Friday, November 20, 2009

Battle of Wills and the Bulge

Thought it was time to write the blog entry that inspired me to start this thing to begin with and also partially explain the blog title I chose.

I eat, therefore I run. Should also add that I enjoy drinking yummy beers, and the ones I'm partial to tend to contain the highest caloric count in each tantalizing sip. I've been "a runner" for over a decade. Many have asked me if I like running. Not especially. And although a fringe benefit to running is that it clears my cluttered mind, my main motivation for hitting the pavement is typically to work off a recently gobbled HoHo (or seven).

Months ago, I was running on my regular route, slowly sputtering up the hill I must climb on my return home. I was pushing my Chunkasaurus Rex in the jogging stroller, as he hummed and nibbled on crackers, oblivious to my pain. And I was struggling. I mean the kind of internal battle where I was actually talking to myself aloud, "Come on, you can do this. You've run further than this before. This is the same body that ran the fun and festive Rock 'n' Roll San Diego marathon, right? Just a slightly hilly three miles today. And you're on the home stretch. Let's go!"

Unfortunately my answer didn't come from my positive inner athlete but from my exhausted excuse-making slacker, "Oh yeah? Well, that was awhile ago. And I've had two kids since then. This body isn't quite the same, you know, a lot more mileage on these legs (which now that I am looking at the back of, am wondering if you don't need to cut out a few of those sugary coffee drinks, little missy."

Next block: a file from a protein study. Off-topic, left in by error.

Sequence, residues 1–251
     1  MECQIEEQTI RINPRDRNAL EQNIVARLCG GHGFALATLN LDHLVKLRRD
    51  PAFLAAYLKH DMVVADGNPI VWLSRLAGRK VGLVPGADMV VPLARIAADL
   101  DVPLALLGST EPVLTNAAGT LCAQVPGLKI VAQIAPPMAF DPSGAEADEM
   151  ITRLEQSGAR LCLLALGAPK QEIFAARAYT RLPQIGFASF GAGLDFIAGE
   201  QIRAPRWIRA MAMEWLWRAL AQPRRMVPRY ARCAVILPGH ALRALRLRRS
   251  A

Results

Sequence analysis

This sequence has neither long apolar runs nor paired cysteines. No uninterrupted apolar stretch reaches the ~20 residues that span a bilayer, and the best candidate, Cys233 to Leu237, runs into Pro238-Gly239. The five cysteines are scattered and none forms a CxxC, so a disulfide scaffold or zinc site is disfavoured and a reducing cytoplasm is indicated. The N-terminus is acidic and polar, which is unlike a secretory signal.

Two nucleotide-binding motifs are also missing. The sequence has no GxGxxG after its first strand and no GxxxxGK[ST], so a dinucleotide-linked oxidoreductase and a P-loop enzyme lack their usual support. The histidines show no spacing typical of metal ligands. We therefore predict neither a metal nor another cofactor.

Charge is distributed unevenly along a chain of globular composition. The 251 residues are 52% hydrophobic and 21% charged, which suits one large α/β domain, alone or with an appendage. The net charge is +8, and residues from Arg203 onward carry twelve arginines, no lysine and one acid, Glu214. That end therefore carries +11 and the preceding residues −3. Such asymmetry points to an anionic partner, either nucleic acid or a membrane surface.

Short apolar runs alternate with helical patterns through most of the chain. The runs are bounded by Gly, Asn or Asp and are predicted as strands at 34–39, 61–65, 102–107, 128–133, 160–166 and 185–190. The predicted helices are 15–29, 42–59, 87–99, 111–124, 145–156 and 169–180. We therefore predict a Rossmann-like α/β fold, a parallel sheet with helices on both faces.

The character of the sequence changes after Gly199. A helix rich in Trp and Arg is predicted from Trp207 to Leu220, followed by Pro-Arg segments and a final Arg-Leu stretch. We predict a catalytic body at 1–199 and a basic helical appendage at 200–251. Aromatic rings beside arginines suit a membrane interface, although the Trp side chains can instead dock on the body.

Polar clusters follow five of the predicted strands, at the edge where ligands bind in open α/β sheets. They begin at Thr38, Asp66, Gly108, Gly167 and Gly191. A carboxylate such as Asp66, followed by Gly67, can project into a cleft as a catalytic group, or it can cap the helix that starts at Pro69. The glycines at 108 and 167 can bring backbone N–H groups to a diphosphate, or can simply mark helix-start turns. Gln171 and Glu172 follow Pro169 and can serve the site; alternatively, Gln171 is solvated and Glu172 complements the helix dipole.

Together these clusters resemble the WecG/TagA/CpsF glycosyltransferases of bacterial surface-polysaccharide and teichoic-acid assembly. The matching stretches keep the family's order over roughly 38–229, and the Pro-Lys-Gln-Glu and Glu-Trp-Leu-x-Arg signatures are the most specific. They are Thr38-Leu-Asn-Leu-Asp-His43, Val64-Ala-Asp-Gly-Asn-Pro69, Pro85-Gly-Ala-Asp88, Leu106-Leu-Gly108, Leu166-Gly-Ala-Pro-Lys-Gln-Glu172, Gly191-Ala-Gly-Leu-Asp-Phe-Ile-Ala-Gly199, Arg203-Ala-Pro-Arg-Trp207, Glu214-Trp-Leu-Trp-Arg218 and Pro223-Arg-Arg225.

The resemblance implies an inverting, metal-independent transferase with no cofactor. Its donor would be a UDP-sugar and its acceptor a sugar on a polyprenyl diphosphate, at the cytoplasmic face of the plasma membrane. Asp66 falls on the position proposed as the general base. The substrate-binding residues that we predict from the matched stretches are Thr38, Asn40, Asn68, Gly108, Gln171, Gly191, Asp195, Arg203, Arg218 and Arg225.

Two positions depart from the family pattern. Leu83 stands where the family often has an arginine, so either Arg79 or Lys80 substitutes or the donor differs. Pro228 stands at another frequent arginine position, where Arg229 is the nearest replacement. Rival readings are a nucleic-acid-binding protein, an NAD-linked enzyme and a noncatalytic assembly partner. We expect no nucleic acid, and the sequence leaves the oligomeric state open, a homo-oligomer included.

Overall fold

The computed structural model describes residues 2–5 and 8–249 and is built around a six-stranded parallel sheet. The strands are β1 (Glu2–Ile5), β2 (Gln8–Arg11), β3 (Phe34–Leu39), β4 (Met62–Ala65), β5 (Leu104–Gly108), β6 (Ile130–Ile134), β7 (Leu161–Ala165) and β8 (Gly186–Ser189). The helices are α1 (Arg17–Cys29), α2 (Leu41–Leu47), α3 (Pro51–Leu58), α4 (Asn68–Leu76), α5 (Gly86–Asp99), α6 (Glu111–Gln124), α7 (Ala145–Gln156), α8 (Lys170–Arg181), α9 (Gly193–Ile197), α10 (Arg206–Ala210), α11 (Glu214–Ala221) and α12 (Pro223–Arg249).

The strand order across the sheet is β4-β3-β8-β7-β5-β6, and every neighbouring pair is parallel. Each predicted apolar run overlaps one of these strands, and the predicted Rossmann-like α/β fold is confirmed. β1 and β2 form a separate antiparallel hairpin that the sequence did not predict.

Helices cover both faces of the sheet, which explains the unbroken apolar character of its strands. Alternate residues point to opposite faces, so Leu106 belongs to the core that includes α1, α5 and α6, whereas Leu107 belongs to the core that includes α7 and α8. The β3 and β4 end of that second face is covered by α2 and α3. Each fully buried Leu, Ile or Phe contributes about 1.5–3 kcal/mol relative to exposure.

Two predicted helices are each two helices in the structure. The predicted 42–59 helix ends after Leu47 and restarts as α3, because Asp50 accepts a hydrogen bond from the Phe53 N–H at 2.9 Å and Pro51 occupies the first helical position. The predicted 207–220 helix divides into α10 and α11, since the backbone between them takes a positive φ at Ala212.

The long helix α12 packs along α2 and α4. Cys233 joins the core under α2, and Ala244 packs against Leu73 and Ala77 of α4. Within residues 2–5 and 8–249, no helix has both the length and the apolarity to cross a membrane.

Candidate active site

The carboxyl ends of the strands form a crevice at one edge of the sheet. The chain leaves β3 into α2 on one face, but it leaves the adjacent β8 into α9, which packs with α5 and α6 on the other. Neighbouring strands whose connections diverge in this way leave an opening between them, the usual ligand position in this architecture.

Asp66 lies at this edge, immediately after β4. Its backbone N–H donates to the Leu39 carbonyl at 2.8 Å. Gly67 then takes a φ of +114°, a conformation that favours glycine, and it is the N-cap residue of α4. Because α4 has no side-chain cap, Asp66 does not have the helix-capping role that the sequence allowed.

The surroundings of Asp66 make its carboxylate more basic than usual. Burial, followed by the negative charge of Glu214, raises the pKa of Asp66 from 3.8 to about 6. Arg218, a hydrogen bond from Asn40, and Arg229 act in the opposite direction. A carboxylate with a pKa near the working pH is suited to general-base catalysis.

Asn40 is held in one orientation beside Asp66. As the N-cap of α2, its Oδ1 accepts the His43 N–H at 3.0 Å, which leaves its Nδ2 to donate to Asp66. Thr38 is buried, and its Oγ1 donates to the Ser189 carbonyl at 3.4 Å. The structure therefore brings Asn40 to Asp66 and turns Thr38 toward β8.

Midway up the hill, I was able to quiet my feuding inner voices. I considered that maybe I don't often get to run as fast or as far as I'd like to, but this body of mine is just as amazing, maybe even more seven years after my one marathon run. Sure, this is the body that got me through a 26.1 mile trek. But to give it full credit, it's the same one that carried two babies, each followed by a pretty crazy emergency c-section, allowing me both of the most miraculous gifts-millions of times more precious than a race gold medal that is somewhere collecting dust.

By the time I reached the hill's peak, I had made a pretty long mental list of many other accomplishments both my body and mind have made since that hot June run in California. And I had finished yet another run, with the added benefit that my son was asleep and was able to take a long bath (the kind where I get to slowly shave my weary legs without later having to cover my cuts in a mix of Transformer and Hello Kitty band-aids as most my showers end these days).

I am one running mother.

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